Take the case of the United States.
It(the US) has been a great spectacle of splendid force released and challenged by every circumstance to work its will. It has, too, been a regime of utter individualism. The forces as well as the men have acted independently, of their own initiative, at their own choice in their own way. And law has not drawn them together,- it does not appear that it was its object to draw them together.
Note the separation there? Sure, the US has been a great spectacle. But, it has also been a regime of utter individualism. "Regime" is generally used negatively - This is entirely my own opinion, but I think he is complaining here. The central planner is complaining. Continuing to page 5:
And so individual interests without number have been built up. They have not been harnessed to a common cause; the common cause was supposed to be individual development and the right of those who could to use the country and its resources for the release of their private energy and the piling up of their own wealth. Separate opportunities were studied, not common obligations, variety, not community, of interest.
Continuation of the complaint. He asks:
Our search is for the common interest, but where shall we find it?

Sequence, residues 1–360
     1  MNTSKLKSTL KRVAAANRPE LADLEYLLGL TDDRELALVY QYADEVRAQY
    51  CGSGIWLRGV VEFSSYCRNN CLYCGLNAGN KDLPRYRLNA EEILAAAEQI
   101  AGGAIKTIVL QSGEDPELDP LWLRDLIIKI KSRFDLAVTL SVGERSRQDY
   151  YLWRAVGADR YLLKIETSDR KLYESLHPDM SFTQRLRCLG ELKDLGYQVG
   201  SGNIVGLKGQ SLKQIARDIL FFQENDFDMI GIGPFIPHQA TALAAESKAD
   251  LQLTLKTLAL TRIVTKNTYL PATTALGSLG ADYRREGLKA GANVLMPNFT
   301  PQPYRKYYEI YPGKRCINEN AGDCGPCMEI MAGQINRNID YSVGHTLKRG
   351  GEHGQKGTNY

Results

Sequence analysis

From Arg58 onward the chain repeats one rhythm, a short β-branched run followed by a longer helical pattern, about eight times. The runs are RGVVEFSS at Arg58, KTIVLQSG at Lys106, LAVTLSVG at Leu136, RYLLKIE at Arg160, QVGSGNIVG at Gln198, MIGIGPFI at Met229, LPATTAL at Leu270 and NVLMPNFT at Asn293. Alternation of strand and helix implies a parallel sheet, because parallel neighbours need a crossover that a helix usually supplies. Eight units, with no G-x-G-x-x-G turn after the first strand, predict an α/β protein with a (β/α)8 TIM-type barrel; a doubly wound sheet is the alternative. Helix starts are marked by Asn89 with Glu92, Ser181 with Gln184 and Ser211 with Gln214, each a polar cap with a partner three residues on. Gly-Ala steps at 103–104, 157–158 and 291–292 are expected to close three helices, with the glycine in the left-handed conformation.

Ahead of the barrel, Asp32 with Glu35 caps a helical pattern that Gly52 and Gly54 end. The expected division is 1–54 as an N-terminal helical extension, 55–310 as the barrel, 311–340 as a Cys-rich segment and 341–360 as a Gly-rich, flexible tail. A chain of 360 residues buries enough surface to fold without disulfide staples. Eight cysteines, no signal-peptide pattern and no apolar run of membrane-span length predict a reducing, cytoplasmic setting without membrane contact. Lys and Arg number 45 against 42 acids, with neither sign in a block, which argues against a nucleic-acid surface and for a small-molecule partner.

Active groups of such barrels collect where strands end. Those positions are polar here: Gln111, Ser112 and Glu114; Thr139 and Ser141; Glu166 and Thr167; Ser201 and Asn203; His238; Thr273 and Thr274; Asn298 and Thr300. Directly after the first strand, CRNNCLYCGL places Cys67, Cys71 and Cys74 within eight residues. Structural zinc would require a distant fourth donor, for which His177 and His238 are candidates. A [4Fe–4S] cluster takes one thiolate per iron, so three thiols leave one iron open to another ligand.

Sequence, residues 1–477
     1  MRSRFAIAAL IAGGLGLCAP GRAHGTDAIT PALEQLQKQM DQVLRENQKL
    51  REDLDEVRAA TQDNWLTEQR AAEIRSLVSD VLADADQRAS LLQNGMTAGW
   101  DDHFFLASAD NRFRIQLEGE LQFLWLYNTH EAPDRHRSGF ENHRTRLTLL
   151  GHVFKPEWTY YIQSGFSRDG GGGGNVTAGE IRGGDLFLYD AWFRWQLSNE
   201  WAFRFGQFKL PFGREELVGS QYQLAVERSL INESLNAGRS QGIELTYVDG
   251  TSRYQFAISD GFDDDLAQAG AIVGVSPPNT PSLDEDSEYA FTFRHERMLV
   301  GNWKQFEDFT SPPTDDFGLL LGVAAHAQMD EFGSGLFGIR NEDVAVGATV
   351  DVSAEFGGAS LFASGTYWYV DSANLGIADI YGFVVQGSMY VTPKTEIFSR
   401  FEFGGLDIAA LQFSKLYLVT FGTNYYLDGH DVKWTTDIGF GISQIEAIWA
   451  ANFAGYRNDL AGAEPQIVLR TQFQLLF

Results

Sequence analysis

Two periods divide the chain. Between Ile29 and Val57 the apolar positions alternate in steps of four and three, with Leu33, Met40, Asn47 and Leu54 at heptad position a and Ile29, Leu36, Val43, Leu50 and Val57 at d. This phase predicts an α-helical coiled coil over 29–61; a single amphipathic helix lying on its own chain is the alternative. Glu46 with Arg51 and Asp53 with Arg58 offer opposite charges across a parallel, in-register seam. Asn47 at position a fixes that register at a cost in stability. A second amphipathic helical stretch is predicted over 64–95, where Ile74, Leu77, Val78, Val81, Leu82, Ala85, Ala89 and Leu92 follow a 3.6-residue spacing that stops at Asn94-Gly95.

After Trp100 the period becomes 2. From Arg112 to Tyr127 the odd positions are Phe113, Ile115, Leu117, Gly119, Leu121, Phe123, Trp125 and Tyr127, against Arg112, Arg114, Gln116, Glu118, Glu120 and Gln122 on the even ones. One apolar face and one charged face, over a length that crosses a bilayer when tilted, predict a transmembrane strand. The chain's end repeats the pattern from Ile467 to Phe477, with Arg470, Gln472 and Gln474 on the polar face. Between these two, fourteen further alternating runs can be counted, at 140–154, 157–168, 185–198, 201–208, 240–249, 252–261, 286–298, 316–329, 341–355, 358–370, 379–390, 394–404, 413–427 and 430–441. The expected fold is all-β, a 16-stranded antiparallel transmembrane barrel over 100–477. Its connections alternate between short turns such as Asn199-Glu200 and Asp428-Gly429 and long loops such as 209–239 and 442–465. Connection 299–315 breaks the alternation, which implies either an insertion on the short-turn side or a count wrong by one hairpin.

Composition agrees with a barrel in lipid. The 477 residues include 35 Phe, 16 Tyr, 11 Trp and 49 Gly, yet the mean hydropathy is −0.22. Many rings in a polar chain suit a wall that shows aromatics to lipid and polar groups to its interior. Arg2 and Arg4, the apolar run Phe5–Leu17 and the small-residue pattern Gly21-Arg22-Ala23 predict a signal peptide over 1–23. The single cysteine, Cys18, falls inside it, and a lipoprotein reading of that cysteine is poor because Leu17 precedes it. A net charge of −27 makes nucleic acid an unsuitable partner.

He has an answer. A commission - non partisan, experts. Sound like what we see today? Wilson explains:(bottom of page 6)
Such a commission would be in fact a commission to discover, amidst our present economic chaos, a common interest, so that we might legislate for the whole country instead of for this, that, or the other interest, one by one.
This is very important to me for a number of ways. First, note how he says 'we might legislate'. So where there were once free people pursuing their own interests, now the legislators direct them toward the mythical common goal. But more important than anything else, the more I read the words of the progressives from their own original sources, the more I'm convinced that progressives look at us as anarchists. Because you are buying a car, I'm buying a house, the other person is saving, yet another person is in college. What anarchy! What CHAOS. John Dewey used the exact same phrasing:
Peoples who have learned that billions are available for public needs when the occasion presses will not forget the lesson, and having seen that portions of these billions are necessarily diverted into physical training, industrial education, better housing, and the setting up of agencies for securing a public service and function from private industries will ask why in the future the main stream should not be directed in the same channels.
In short, we shall have a better organized world internally as well as externally, a more integrated, less anarchic, system.
I've seen this elsewhere as well in the writings of progressivism that I've read, but I'll have to research it further before making a headline. I think this is a fundamental of progressivism. The lack of a centrally planned state is by definition anarchic and chaotic - in their minds. Just the other day, Occupy was saying that democracy and capitalism are not compatible, and Wilson himself stated that democracy and socialism are one and the same. It's the anarchic free markets vs the stability and order of a centrally planned society. Let's get back to Wilson's article "The Law and the Facts", now on page 7, Wilson proposes finding a starting point: